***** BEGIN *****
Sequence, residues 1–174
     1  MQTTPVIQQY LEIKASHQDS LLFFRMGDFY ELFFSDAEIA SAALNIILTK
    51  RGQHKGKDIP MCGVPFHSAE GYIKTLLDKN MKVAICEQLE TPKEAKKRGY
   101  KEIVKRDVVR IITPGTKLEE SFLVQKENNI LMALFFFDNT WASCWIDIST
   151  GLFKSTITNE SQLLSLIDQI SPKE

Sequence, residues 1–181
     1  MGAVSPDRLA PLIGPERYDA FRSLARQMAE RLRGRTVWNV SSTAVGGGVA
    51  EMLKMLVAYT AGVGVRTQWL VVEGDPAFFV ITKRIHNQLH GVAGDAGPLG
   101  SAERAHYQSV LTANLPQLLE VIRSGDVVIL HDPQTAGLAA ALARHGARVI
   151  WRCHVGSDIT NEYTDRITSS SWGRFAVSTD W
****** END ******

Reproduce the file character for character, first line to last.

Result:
Sequence, residues 1–174
     1  MQTTPVIQQY LEIKASHQDS LLFFRMGDFY ELFFSDAEIA SAALNIILTK
    51  RGQHKGKDIP MCGVPFHSAE GYIKTLLDKN MKVAICEQLE TPKEAKKRGY
   101  KEIVKRDVVR IITPGTKLEE SFLVQKENNI LMALFFFDNT WASCWIDIST
   151  GLFKSTITNE SQLLSLIDQI SPKE

Sequence, residues 1–181
     1  MGAVSPDRLA PLIGPERYDA FRSLARQMAE RLRGRTVWNV SSTAVGGGVA
    51  EMLKMLVAYT AGVGVRTQWL VVEGDPAFFV ITKRIHNQLH GVAGDAGPLG
   101  SAERAHYQSV LTANLPQLLE VIRSGDVVIL HDPQTAGLAA ALARHGARVI
   151  WRCHVGSDIT NEYTDRITSS SWGRFAVSTD W